I'm in a dilemma. I discussed the art of braking here and the beauty of bends here. What, then, should I call the ability to turn round a bend whilst braking (do you see what I did there? :-D) and letting the steering wheel slide through my fingers? Wheel-sliding? No, that sounds like an activity in which Dennis Hopper's creepy Frank Booth would indulge. Possibly with an oxygen mask on.
No, the manoeuvre I'm trying my best to describe involves the smooth process whereby a driver guides the movement of a vehicle as he or she turns a corner, for instance. Once the turn is accomplished - and you have neither cut the lane into which you drive nor gone wide into the opposite one either - you allow the wheel to come back to a straight position. However, how many of you perform this operation without barely touching the wheel, as you turn, I mean? It's almost as if you were letting this circular frame its own moment of freedom. There it is, shifting back as your hands act like a magnetic field, close to it but not on it.
When I was still learning how to drive, my instructor insisted that my arms' position was fundamental, not just in going on straight roads, but also turning around bends. My arms should neither be too tense nor too limp. This would enable me to negotiate any unpredictable hazards, like sharp corners.
What I also discovered was one of those untapped pleasures that linked directly to one of my passions: music.
In my first clip tonight you will be introduced to Camarón de la Isla, accompanied on guitar by Tomatito. These two legends of flamenco music are singing a poem originally written by Antonio Machado, 'La Saeta', and set to music by Joan Manuel Serrat (the gentleman at the beginning). When I began to write this post, this clip immediately came to mind because it encapsulates that feeling of freedom I am overcome by when the steering wheel of my car runs through my fingers without touching them. As further information, 'saetas' are compositions in their own right, commonly sung - a cappella - during Easter and other religious festivities. And you can feel the passion and fervour in Camarón de la Isla's voice. The song mentions both Christ (or Gypsies' Christ, to be more specific) and the Andalucian people. Enjoy.
And because this blog likes to celebrate all musical instruments alike, in the same way that it blows the horn for all aspects of driving, the second clip tonight has the bass guitar as the leading character. Often overlooked, a good bassist will render a band a solid foundation upon which the other members can build the remaining layers of a particular melody. Just like the joint triumvirate of driving around bends, braking softly and wheel-gliding (no, that name didn't work either, I'm still searching). In the meantime, Kings of Leon.
And to wrap things up tonight and kiss this section goodbye for good ( I actually did it a couple of years ago but brought it back after driving through northern Spain last summer, who knows? I'll probably revive it again some time soon) I bring to you Anna Ternheim's 'Girl Laying Down'. She - Anna, not the girl - is a Swedish singer-songwriter, who's had me tapping my foot ever since this song made it to Radio Paradise's playlist. It is dark and grim, but I love the piano. It reminds me of the firm grip on the steering wheel as you are about to turn a corner and the momentary loosening of it after both your hands slide down on either side of the wheel. Bliss. And if you have a funky, catchy name for that manoeuvre, do not hesitate to send your suggestions in (you can scribble it now on the palm of your hand, preferably bracketed with "lift Cuban in London's spirits"), it will be most welcome.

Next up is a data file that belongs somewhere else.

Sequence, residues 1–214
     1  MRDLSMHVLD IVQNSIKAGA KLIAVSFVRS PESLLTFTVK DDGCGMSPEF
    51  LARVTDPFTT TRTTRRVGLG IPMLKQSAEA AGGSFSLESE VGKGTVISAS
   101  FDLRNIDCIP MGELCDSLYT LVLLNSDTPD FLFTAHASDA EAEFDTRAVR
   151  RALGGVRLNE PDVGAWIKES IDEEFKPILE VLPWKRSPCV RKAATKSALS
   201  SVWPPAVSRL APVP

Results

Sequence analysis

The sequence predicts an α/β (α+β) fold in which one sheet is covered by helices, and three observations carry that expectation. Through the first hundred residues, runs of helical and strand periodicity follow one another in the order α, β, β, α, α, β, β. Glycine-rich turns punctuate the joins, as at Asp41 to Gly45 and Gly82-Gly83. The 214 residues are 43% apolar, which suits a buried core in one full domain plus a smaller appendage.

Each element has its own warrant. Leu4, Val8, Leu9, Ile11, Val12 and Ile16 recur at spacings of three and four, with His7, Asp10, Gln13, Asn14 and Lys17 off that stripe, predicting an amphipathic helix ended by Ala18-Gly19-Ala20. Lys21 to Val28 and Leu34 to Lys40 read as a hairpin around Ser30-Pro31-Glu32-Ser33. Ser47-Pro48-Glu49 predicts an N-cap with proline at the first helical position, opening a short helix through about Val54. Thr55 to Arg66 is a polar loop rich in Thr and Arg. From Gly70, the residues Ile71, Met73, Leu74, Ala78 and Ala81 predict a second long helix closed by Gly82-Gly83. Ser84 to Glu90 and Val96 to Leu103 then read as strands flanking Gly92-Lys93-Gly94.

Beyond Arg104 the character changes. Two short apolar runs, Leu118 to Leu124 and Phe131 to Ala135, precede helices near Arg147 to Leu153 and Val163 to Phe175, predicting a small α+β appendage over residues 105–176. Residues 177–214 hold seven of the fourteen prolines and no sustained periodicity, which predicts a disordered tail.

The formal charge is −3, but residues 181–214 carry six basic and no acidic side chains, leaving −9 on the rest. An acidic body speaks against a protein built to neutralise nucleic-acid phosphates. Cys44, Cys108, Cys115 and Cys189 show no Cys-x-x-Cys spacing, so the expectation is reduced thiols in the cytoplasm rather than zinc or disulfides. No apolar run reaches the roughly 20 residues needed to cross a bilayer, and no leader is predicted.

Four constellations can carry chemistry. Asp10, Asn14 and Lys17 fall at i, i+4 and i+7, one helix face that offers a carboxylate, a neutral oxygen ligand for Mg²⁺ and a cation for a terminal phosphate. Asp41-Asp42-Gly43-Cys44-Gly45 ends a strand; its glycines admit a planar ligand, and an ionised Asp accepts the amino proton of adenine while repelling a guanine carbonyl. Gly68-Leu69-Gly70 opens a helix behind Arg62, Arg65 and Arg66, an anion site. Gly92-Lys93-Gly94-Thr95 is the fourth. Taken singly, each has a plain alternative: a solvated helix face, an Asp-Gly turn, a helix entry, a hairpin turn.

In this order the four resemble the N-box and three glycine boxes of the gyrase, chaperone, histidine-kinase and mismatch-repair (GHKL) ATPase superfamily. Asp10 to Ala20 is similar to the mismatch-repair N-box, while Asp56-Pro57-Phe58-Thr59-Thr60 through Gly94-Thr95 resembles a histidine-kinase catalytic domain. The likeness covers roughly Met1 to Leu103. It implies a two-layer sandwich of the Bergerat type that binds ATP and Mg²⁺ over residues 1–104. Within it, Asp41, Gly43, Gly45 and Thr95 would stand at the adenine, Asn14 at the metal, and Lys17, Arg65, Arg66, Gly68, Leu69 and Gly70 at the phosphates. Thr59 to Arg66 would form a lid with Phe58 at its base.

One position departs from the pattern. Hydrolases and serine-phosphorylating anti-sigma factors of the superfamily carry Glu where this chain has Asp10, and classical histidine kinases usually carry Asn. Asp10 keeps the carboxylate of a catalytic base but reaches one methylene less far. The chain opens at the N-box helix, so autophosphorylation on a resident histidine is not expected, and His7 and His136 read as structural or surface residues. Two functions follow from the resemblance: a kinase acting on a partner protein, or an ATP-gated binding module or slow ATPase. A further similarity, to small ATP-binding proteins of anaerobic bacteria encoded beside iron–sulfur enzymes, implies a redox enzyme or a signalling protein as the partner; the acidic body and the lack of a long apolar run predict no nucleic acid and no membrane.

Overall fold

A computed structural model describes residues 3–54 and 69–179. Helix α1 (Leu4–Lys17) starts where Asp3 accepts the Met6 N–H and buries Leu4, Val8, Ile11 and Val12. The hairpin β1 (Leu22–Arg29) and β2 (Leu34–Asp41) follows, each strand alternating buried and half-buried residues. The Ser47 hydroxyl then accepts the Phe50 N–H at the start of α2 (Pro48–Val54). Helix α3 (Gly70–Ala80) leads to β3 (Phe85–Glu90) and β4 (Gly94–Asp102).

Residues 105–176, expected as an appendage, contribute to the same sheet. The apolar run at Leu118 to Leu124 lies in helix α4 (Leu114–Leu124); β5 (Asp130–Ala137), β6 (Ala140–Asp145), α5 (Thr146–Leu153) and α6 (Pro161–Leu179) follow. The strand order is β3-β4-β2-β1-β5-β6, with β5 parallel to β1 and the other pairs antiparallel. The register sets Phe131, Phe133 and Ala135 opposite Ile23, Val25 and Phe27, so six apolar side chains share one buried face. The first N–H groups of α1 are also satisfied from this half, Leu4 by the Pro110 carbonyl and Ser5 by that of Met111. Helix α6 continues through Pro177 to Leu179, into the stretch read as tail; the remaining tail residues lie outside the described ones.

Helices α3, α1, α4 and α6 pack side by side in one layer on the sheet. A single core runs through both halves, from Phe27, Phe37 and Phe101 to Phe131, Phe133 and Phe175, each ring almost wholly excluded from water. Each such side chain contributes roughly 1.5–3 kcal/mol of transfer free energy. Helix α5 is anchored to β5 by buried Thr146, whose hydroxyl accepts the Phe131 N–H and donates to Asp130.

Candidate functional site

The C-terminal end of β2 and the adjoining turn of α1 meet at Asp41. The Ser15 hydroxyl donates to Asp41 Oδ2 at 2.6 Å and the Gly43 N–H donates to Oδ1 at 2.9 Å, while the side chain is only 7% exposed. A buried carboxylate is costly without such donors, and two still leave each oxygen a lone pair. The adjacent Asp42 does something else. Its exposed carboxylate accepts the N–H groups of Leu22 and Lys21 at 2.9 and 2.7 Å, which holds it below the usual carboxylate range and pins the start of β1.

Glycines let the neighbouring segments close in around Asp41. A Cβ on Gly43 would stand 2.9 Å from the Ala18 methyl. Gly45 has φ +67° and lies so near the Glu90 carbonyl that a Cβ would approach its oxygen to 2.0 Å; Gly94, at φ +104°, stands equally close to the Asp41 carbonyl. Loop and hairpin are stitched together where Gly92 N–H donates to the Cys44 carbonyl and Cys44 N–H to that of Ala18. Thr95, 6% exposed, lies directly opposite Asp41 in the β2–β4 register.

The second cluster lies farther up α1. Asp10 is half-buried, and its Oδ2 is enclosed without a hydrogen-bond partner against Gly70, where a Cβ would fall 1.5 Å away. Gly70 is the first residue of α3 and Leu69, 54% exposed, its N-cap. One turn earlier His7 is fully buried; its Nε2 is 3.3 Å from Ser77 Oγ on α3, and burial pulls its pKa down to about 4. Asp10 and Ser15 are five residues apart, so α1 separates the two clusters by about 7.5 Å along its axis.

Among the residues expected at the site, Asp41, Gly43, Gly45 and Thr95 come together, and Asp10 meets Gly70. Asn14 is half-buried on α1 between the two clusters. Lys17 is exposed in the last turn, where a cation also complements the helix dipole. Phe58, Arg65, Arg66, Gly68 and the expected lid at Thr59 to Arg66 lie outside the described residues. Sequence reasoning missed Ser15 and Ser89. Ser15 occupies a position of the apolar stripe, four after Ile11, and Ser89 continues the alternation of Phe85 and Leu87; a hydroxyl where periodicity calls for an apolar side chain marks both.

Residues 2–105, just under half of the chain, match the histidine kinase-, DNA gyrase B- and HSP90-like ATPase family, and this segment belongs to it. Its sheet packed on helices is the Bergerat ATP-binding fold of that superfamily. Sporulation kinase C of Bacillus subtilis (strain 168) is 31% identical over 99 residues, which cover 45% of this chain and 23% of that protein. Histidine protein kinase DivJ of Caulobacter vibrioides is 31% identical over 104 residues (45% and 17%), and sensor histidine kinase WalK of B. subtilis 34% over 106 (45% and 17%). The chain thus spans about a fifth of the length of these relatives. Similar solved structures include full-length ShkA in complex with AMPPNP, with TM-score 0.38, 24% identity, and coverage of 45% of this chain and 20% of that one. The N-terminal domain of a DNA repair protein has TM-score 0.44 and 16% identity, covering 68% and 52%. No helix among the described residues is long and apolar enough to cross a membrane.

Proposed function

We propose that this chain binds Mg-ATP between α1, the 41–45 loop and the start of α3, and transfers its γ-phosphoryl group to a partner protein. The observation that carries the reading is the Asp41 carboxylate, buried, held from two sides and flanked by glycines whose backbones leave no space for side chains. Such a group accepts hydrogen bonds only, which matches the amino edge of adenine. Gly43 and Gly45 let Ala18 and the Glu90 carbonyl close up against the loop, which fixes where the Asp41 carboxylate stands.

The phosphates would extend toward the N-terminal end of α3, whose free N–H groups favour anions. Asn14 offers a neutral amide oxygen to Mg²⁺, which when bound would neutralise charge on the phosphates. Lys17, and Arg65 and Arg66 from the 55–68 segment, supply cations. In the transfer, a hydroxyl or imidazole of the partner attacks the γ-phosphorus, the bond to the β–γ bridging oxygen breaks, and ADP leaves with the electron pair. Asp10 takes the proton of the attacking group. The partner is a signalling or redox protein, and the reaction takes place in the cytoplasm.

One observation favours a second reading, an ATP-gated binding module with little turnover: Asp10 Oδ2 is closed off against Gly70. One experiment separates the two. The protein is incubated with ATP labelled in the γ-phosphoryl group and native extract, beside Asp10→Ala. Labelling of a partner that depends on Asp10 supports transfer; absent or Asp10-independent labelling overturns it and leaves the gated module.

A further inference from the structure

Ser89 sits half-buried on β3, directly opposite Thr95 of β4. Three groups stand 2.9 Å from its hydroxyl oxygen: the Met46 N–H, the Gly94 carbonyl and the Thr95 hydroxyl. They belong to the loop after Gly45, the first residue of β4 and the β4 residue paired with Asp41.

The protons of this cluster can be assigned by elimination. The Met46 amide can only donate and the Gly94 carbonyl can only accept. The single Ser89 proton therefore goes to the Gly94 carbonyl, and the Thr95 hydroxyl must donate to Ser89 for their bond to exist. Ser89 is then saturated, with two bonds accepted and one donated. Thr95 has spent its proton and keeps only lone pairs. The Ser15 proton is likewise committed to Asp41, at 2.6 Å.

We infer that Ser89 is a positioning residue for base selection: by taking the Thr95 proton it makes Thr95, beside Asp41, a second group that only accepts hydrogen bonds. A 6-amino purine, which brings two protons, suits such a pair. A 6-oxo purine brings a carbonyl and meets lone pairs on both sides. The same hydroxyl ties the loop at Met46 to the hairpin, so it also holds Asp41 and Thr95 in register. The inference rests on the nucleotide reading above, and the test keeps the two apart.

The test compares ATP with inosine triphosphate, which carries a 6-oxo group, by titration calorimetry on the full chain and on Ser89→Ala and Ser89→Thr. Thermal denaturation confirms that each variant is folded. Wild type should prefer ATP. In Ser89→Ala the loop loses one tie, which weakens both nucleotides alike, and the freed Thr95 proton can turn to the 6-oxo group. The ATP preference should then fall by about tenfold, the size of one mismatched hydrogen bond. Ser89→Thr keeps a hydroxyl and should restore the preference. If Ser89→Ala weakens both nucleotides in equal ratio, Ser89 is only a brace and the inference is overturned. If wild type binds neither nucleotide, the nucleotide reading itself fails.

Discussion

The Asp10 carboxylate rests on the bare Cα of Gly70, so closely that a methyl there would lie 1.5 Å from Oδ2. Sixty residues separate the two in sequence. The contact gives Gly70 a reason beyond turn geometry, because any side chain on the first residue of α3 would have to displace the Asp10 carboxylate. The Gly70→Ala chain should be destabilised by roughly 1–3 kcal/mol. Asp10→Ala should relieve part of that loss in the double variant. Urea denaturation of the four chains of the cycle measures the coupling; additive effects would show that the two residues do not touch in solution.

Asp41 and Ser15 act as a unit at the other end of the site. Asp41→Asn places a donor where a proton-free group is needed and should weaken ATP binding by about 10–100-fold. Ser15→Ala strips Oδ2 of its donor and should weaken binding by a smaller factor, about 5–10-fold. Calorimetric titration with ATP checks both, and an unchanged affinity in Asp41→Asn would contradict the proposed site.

Next Post: 'Sunday Mornings: Coffee, Reflections and Music', to be published on Sunday 21st February at 10am (GMT)
Tuesday, 16 February 2010
'I propose that, as a guiding value, we in the West agree on individuality. When we celebrate individuality, we let most people choose who they are, be they members of a religion, free spirits or both. For a lot of Europeans, individuality might ring too much of American individualism. It doesn't have to. Individualism - I'm out for myself - differs from individuality - I'm myself, and my society benefits from my uniqueness.'
Very few times I find articulate answers to a particular conundrum in a piece which, at first sight, might be unrelated to my initial dilemma. But this paragraph, included in Irshad Manji's highly controversial book 'The Trouble with Islam', had me wondering whether the Uganda-born Canadian writer was addressing the Cuban Parliament instead of her fellow Muslims.
'The Trouble with Islam' is an open and impassioned letter written by a woman who feels her religion is in peril. It's a wake-up call for Muslims everywhere to move away from what she calls - rightly or wrongly, it's up for you to decide - 'foundamentalism', that is, the accepted assumption that the only Islam to be practiced is that one coming from the Arabic states, specifically Saudi Arabia.
Irshad Manji doesn't mince her words. Her language is emphatic and provocative. In chapters such as 'Operation Ijtihad' this works wonders:
'Here's what I'd picked up so far. Muslims constantly exhibit a knack for degrading women and religious minorities. Could both of these troubles be tackled at the same time? (...) First, trade has always helped grease the wheels of the good relations among Muslims, Jews and Christians. Second, there's no prohibition in the Koran against women becoming businesspeople. My tentative conclusion: God-conscious, female-fueled capitalism might be the way to start Islam's liberal reformation.'